On Sunday, the House of Representatives voted 219 to 212 to approve the Senate version of the health reform bill, H.R. 3590. No Republicans voted for passage; 34 Democrats also voted against the measure. According to the Washington Post, the House late Sunday also “approved a package of fixes to the legislation that will face a potentially rocky journey through the Senate this week,” otherwise known as reconciliation. The version to be voted on by the Senate includes “more generous subsidies to people eligible for federal help buying insurance,” funding to close the “doughnut hole” in Medicare prescription drug coverage, a delay until 2018 on the 40% excise tax on employer-provided “Cadillac insurance policies,” and a 3.8% Medicare tax on investment income for the top level of earners.
Lost in all the hoopla surrounding backroom wheeling and dealing, arcane parliamentary procedures, rudeness on the House floor, and who voted for what amendment leading up to passage of the healthcare reform bill has been the response from the physician community, which has been decidedly mixed.
The American Medical Association said that “passage of health system reform by the U.S. House of Representatives today is an important step toward providing coverage to all Americans and improving our nation’s health system.” The AMA also said that, while the bill isn’t perfect,” by extending health coverage to “tens of millions of uninsured, improving competition and choice in the insurance marketplace, promoting prevention and wellness, reducing administrative burdens, and promoting clinical comparative effectiveness research, this bill will help patients and the physicians who care for them. There are increased payments for primary care physicians caring for Medicaid patients and bonus payments for physicians in underserved areas.” The AMA posted a document last week that provides answers to several frequently asked questions about healthcare reform legislation.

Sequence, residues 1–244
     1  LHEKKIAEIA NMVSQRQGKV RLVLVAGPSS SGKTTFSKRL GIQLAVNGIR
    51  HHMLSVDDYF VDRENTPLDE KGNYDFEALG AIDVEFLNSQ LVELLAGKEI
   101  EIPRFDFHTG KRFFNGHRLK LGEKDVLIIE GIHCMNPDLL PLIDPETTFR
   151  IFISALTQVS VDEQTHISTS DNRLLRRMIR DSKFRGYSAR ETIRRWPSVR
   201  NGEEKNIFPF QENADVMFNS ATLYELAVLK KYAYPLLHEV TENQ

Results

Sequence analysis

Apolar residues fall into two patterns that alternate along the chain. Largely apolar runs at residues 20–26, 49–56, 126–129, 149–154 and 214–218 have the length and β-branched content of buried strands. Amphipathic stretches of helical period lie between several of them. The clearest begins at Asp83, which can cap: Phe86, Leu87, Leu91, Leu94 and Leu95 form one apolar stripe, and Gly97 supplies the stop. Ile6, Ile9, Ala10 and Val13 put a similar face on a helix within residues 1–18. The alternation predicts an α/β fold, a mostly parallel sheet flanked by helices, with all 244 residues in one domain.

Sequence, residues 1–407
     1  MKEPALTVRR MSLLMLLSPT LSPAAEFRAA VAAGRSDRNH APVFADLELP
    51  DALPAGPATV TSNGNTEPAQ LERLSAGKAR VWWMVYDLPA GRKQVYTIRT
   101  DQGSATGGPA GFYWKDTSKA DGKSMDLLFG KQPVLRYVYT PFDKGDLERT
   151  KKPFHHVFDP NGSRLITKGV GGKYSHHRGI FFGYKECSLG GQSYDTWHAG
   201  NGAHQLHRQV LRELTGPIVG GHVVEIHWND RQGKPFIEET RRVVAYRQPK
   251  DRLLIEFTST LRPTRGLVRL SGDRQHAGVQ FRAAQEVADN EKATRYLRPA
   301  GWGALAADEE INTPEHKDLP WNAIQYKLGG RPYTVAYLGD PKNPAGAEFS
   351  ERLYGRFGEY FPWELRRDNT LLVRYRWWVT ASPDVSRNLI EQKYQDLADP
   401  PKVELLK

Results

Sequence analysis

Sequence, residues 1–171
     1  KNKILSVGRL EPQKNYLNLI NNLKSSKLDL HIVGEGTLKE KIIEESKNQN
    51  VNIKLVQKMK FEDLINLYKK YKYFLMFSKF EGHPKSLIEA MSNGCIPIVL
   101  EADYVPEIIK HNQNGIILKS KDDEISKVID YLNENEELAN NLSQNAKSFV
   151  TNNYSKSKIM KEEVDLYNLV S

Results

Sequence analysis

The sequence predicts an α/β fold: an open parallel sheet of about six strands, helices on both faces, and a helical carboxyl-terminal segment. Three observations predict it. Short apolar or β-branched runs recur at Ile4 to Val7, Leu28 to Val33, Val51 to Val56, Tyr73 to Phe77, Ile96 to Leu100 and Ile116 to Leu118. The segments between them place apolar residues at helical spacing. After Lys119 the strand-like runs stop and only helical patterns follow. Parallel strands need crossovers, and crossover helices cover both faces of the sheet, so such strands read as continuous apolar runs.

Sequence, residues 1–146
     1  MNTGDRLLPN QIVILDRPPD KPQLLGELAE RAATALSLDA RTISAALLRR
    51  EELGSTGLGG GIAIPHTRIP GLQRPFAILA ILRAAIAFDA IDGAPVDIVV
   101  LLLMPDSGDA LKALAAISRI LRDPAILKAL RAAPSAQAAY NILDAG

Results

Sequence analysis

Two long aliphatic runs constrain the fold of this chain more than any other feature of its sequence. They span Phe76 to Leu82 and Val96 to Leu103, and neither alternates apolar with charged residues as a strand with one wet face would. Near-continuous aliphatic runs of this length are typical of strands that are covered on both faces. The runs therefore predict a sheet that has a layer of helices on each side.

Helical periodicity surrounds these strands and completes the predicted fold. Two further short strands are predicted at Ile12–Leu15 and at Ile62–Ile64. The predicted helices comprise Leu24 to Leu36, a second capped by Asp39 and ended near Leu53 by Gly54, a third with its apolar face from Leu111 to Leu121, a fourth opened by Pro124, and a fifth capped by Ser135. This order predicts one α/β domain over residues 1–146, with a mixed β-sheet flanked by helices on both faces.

The American Academy of Family Physicians has also praised the passing of the reform bill, calling it “a comprehensive health care reform bill that will expand coverage to millions of people and move the country toward a more primary care-based health care system.” AAFP president Lori Heim, MD, in a prepared statement, said that “although the bill is not perfect” and that “this legislation is the beginning,” as a result of Congress passing this bill, “Americans can look forward to health security because they soon will have the chance to buy health insurance that meets their needs without emptying their bank accounts. It opens the door to a reformed health delivery system by paying a bonus for primary care services, which sends a message acknowledging the value of primary care physicians. It also encourages broader testing of the patient-centered medical home and focuses on paying for quality rather than quantity. It begins to invest in the primary care physician workforce as the foundation of a more efficient and effective health care system for this country.”
Not every professional group and society is in favor of the new legislation. The Association of American Physicians and Surgeons opposes the reform bill for a litany of reasons, saying it will “force Americans into expensive health plans that they don’t want,” destroy “economical true insurance policies that Americans DO want,” and most importantly, it will impose “a massive, unaccountable bureaucracy between patients and their physicians.”
The group Physicians for a National Health Plan said that this bill is akin to “seeing aspirin dispensed for the treatment of cancer,” noting that it will still leave 23 million Americans uninsured; “drain about $40 billion from Medicare payments to safety-net hospitals, threatening the care of the tens of millions who will remain uninsured;” and will cause healthcare costs “to skyrocket, as the experience with the Massachusetts plan (after which this bill is patterned) amply demonstrates.”